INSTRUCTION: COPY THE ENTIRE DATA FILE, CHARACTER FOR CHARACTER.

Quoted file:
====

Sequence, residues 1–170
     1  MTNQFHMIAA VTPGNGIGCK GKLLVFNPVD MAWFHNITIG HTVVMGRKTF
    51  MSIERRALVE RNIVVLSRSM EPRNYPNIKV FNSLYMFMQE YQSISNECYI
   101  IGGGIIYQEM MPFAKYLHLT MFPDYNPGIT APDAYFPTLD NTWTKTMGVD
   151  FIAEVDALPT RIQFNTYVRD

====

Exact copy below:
Sequence, residues 1–170
     1  MTNQFHMIAA VTPGNGIGCK GKLLVFNPVD MAWFHNITIG HTVVMGRKTF
    51  MSIERRALVE RNIVVLSRSM EPRNYPNIKV FNSLYMFMQE YQSISNECYI
   101  IGGGIIYQEM MPFAKYLHLT MFPDYNPGIT APDAYFPTLD NTWTKTMGVD
   151  FIAEVDALPT RIQFNTYVRD